Rhoda Morrison previously worked for the Bury Free Press and won Trainee of the Year in the National Council for the Training of Journalists (NCTJ) Awards for Excellence in 2019. She then served as digital news editor at Iliffe Media's county-wide title Suffolk News
before returning to her native Scotland last year to take up the EEN's news editor post.
She declared: 'We will continue to champion the local voices and communities that make Edinburgh the best city in the world and a great place to live, work and visit'.
Although restructuring means National World creating 30 digital journalist jobs, a similar number of editorial posts are to be made redundant across the group – including in Scotland where it owns The Scotsman
, Scotland on Sunday
and the Edinburgh Evening News
, plus a number of Scottish weekly titles.
4. Victoria Derbyshire joins BBC's Newsnight team
I am very pleased indeed that, from September, Victoria Derbyshire will succeed Emily Maitlis as joint lead presenter with Kirsty Wark on one of my favourite news and current affairs programmes: BBC2's Newsnight
. I have long admired Victoria's broadcasting skills and was disappointed when there was speculation that she was poised to leave the BBC to join Channel 4.
Victoria, 53, who will continue to co-present the Ukrainecast
podcast, declared: 'This is a special opportunity to take on one of the best jobs in British journalism and help shape the programme's future. I cannot wait to champion more stories about people’s lives while holding those who represent them to account'.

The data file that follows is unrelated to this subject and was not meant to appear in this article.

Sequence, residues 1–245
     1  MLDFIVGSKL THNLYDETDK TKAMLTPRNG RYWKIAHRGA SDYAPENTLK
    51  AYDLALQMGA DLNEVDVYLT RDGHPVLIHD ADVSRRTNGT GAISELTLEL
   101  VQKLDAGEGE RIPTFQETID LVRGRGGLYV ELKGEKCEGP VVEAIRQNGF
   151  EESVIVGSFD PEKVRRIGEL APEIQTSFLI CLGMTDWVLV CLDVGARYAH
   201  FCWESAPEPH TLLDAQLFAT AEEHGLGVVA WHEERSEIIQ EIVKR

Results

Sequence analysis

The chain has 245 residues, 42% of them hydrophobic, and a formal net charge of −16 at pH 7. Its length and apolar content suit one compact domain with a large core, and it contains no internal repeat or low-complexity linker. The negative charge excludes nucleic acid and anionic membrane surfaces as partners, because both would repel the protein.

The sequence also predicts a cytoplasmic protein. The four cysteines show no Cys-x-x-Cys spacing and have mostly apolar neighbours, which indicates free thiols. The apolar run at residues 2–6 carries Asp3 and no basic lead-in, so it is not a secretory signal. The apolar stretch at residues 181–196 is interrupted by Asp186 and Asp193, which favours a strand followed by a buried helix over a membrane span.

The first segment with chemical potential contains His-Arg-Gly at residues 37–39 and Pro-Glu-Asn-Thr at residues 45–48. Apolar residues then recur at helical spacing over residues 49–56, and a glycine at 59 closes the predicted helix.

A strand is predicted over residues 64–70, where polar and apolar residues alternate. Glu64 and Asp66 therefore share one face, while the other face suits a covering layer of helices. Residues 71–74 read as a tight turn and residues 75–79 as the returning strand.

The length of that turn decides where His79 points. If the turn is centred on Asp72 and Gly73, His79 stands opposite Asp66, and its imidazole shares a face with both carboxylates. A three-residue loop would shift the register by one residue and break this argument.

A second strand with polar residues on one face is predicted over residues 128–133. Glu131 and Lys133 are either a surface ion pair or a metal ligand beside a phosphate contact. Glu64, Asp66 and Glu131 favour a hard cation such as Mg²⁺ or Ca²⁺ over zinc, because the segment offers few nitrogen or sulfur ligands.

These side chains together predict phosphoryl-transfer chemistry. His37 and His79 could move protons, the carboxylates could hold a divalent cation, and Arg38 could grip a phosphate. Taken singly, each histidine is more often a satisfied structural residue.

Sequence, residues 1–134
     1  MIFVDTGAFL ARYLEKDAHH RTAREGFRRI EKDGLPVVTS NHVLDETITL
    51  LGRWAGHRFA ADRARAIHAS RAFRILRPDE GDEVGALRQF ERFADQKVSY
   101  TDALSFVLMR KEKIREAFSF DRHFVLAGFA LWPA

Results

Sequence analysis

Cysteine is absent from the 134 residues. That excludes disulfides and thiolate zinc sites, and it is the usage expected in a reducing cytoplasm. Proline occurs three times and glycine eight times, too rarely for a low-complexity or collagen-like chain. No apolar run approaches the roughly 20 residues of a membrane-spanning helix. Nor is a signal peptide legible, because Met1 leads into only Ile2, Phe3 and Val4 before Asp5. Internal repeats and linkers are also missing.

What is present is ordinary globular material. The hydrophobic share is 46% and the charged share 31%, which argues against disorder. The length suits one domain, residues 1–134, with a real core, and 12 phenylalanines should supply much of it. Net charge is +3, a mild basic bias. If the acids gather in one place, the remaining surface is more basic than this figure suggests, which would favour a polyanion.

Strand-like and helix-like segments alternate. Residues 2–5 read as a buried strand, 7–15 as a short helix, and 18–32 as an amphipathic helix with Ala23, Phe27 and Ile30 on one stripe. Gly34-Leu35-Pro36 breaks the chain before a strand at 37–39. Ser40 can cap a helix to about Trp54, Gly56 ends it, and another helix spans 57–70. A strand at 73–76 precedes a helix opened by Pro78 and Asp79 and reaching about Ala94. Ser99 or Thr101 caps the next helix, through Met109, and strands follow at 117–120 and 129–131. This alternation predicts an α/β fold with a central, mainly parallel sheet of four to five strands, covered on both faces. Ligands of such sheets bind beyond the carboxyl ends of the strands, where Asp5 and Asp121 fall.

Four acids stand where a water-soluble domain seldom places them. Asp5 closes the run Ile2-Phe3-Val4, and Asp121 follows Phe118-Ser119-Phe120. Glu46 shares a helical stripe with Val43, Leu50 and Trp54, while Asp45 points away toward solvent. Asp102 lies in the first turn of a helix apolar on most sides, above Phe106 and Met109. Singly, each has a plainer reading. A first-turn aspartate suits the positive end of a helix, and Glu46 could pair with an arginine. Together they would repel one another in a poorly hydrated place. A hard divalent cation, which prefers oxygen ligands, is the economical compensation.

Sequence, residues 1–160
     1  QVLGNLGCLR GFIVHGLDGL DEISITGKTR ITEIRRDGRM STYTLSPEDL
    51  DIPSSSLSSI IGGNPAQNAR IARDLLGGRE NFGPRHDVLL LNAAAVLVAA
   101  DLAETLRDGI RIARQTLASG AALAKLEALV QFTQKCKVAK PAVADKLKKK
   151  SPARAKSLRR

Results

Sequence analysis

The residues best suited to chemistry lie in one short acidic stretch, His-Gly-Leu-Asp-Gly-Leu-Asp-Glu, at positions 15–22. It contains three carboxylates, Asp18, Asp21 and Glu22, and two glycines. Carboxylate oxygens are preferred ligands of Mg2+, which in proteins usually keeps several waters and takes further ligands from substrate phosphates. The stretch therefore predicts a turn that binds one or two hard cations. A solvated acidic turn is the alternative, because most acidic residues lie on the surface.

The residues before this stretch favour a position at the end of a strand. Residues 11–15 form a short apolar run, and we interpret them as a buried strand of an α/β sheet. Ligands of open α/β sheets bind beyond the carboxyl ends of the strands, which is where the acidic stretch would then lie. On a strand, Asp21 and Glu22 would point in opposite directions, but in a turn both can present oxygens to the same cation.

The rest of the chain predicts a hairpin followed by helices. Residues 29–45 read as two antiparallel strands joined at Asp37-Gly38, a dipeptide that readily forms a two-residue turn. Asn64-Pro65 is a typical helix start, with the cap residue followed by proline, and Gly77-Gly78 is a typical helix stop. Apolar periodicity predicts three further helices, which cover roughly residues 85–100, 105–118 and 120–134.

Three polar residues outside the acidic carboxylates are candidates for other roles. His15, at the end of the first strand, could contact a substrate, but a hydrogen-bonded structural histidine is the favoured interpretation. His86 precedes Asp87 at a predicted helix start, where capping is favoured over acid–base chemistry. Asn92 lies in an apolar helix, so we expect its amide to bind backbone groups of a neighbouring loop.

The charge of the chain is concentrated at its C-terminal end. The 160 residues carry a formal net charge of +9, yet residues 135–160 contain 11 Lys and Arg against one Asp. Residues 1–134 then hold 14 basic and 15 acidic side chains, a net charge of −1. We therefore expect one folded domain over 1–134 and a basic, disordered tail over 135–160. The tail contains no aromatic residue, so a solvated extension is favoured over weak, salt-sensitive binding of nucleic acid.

Victoria joins Newsnight
after Maitlis, 51, and the former North America editor Jon Sopel, 63, left the BBC to join Global and launch a daily news podcast on LBC. Newsnight's
policy editor Lewis Goodall will shortly join them as the third host on the podcast and as analysis and investigations editor, concentrating on video journalism and breaking news.
You may recall that, up until two years ago, Victoria had had her own weekday current affairs programme on BBC 2 and the BBC News Channel which reached a television audience of around 300,000. However, it was taken off-air after a five-year run amid cuts to the BBC's news services. Victoria only found out about the loss of her programme on reading about it in the media – and, naturally, admitted she was 'devastated'. So I am delighted for her that she has been handed an exciting new role.
editor Stewart Maclean commented: 'Victoria is one of the most tenacious journalists in the business, with a fantastic ability to ask the straightforward questions our viewers want answered, and a shelf-full of major awards for her work'.
5. BBC News and BBC World News set to be merged
The merger of the UK-focused BBC News and internationally-focused BBC World News channels into a single 24-hour television channel called BBC News, serving both audiences, will also see the corporation's largest radio shows visualised on television – beginning with Radio 5 Live's Scottish-born Nicky Campbell.
The BBC will broadcast the new global channel – set to launch in April 2023 – from London during UK daytime and Singapore and Washington DC during the rest of the day.